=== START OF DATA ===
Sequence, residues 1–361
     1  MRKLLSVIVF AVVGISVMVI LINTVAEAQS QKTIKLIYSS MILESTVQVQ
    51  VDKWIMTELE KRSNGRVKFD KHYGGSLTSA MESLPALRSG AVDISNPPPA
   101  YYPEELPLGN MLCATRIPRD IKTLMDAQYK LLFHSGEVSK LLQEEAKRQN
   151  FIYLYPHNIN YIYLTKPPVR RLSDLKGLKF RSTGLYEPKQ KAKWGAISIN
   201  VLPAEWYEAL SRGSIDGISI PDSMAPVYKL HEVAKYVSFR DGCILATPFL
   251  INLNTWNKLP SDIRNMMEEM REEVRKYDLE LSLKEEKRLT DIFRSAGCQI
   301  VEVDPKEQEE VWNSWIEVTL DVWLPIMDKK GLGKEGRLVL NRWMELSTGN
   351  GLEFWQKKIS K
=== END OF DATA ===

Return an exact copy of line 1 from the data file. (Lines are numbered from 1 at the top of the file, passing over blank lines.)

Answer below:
Sequence, residues 1–361